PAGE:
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Riding into the countryside with Lizzie

Lizzie's love of horse riding often leads her out to the countryside. Lizzie's love of horse riding often leads her out to the countryside. Lizzie Bannister

Having listened to stories from my grandfather about his work with farm horses, I asked my mother for riding lessons when I was nine. She soon re-discovered her childhood passion for horses! We had our first pony together and then my sister got involved too and different horses came into and went from our lives.

We were outdoors at least once a day every day to look after our horses, experiencing extreme weather conditions and getting to know the farmers who provided hay and access to their land. It all taught us about the dynamics of the seasons - our hands and water supply froze in the depths of winter, then the grass dried out and the ground became rock solid at the heights of summer. It helped us to appreciate the culture associated with horses – traditional and new: from the rural scenes of the hunting paintings in country houses to the markets at major horse events.

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The equestrian industry is a valuable economic asset in the countryside as it provides and protects many jobs and land uses. It also reinforces the value of countryside conservation, nature and beauty.

Galloping across the farmlands

I lived on a smallholding of 4.5 acres in the middle of the arable Fen landscape during my teens. I used to come home from school, which wasn’t that great for me, and ride or work on the land. I got my new pony and trained him to be the fabulous riding pony he is today!

I jumped in the fields or hacked and galloped across the farmlands. I cantered in between potato plantations, on stubble fields and up tracks rich with trees and wildflower. I saw birds and mammals including foxes. I learnt to deeply value the countryside. I learnt to assess risk better, although grass provided a good landing pad for the risky things I did (I’ve survived many accidents!). I also got great exercise and health benefits from all the mucking out and fresh air!

Why I volunteer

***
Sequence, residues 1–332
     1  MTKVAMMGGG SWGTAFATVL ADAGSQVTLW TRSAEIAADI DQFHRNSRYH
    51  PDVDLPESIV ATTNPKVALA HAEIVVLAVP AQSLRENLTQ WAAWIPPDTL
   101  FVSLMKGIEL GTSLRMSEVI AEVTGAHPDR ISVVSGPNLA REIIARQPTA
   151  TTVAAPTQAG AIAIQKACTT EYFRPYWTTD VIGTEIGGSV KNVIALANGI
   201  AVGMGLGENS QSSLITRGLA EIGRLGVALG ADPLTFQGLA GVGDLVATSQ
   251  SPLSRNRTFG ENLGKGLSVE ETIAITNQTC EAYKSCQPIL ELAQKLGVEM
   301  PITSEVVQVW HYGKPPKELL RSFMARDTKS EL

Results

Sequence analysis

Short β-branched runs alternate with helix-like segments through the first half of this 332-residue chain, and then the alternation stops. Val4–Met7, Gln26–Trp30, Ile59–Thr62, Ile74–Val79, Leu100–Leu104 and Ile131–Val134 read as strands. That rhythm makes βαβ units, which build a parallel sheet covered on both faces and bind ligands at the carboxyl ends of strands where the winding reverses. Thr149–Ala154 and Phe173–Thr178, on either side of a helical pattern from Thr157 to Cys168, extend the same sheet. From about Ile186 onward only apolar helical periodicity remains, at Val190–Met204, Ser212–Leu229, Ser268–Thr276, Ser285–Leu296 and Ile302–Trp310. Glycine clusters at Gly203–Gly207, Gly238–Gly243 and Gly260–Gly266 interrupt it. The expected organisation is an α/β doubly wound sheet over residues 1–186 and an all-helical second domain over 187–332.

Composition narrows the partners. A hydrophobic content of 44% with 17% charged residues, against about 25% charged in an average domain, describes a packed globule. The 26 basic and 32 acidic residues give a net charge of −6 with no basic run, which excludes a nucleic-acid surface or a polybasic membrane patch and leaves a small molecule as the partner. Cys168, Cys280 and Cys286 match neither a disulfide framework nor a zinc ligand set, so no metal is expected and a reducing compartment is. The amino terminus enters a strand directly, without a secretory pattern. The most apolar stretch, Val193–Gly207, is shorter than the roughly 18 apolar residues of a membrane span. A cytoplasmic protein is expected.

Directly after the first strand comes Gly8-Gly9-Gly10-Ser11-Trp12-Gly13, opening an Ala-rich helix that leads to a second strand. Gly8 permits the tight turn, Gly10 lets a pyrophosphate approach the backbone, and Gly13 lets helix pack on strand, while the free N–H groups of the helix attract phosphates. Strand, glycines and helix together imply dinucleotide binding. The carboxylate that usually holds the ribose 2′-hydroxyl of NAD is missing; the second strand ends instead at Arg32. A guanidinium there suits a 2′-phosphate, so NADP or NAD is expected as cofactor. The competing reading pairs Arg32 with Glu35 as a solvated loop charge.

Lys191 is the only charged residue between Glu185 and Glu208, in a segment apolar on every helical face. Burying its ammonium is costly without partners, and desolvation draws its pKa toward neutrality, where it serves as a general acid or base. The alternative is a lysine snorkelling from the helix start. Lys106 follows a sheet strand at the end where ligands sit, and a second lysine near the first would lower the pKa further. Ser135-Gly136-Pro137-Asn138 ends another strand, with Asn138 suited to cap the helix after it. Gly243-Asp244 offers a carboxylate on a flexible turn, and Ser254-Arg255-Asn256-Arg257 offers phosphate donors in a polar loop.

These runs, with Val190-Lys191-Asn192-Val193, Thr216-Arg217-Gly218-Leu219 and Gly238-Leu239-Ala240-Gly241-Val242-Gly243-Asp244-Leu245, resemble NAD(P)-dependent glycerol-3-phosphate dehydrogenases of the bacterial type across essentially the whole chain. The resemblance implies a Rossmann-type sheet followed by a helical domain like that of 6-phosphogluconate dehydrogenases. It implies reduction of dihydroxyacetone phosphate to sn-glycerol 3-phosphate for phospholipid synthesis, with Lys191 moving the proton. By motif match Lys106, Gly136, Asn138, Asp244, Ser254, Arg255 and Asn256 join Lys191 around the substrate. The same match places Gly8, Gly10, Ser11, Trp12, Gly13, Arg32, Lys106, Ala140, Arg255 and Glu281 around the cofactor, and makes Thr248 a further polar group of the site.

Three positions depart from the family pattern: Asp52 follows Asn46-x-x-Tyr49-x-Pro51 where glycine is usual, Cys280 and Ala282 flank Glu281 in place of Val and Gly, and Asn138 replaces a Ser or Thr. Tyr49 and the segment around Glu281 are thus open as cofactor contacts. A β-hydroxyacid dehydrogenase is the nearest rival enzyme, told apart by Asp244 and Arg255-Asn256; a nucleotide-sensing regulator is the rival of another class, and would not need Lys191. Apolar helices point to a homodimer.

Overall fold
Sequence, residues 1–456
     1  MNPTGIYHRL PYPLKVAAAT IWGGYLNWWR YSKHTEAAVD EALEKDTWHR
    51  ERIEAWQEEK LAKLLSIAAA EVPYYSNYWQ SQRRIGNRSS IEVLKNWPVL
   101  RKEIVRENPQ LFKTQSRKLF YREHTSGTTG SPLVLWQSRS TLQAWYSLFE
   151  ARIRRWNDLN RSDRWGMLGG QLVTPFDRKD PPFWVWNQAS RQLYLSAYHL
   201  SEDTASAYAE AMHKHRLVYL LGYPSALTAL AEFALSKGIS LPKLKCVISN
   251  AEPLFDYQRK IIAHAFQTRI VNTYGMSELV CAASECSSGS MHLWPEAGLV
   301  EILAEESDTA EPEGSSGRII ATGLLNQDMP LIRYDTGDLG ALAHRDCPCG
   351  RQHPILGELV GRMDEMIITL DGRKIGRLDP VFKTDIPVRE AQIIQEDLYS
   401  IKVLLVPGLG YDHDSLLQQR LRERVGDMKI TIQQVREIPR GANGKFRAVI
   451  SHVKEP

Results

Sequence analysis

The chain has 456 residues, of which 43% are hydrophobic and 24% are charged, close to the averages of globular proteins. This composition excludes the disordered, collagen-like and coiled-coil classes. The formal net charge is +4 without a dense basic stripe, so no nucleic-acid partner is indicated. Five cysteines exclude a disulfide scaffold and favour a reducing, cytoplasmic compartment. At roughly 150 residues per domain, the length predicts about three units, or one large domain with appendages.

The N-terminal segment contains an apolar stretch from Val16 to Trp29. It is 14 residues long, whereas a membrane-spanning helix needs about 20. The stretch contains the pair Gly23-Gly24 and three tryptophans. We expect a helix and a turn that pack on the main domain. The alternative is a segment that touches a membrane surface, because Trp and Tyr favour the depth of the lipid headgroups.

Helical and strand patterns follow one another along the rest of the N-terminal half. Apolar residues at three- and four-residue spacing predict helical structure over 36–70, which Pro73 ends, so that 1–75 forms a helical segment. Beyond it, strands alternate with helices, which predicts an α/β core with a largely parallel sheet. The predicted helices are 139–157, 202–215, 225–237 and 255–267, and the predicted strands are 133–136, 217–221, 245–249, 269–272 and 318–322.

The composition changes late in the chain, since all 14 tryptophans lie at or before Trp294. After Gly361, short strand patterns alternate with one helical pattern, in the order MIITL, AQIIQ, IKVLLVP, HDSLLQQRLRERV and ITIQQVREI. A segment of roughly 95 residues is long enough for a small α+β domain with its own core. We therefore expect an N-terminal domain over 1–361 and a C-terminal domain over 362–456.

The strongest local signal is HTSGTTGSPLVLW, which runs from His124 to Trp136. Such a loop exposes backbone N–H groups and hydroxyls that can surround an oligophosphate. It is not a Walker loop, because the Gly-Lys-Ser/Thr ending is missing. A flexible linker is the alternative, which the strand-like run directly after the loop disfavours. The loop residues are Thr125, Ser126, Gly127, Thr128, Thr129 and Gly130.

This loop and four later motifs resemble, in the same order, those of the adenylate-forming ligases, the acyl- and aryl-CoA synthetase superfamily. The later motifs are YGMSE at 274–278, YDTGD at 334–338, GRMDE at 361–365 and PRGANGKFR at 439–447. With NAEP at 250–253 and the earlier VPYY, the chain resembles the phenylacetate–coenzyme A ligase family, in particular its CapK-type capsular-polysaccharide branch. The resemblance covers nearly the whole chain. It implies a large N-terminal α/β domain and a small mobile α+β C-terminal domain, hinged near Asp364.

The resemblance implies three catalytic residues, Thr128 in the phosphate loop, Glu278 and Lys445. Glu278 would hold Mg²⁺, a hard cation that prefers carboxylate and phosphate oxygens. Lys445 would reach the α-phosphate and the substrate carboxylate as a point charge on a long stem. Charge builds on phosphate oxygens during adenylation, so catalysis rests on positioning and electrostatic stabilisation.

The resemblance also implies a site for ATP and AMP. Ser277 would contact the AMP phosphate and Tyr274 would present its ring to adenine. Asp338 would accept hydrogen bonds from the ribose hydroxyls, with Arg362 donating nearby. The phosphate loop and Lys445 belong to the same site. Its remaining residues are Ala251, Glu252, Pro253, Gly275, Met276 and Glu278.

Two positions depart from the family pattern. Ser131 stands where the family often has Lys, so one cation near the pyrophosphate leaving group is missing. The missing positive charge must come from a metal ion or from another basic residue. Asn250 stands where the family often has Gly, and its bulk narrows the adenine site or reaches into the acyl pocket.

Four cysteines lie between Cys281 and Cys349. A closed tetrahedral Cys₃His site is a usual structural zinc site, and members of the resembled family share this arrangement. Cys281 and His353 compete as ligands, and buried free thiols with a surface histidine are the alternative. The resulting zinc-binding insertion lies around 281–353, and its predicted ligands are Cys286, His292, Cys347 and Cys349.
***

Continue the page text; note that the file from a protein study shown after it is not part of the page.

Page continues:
Because of my love of horse riding, I chose to do conservation studies to the Masters level. Although I fell into a job working for the NHS, I continued to relate to the countryside in my spare time - walking, horse riding and visiting National Trust places. I left the NHS and enjoyed interning in a landscape partnership programme on a summer placement. I loved engaging my brain and efforts to support the countryside and its valuable assets so I chose to volunteer for a countryside organisation - CPRE.

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I am enthusiastically involving myself in developing a team of Eyes and Ears members who protect their countryside and local landscape from unfavourable developments. To do this, I have meetings and home-based contact with my Cambridgeshire and Peterborough Branch of CPRE, which is flexible and interactive.

My work includes developing a database, creating Twitter accounts and helping to make and distribute posters, which are useful work experience. I also participate in broader work like providing photographs and writing for CPRE, which are interesting and make use of my talents. Here I am enjoying my work to protect the countryside with CPRE, and all thanks to the horse!

Lizzie Bannister

Want to get involved with CPRE? Find out more in our Ways To Volunteer section.

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Hay field harvest

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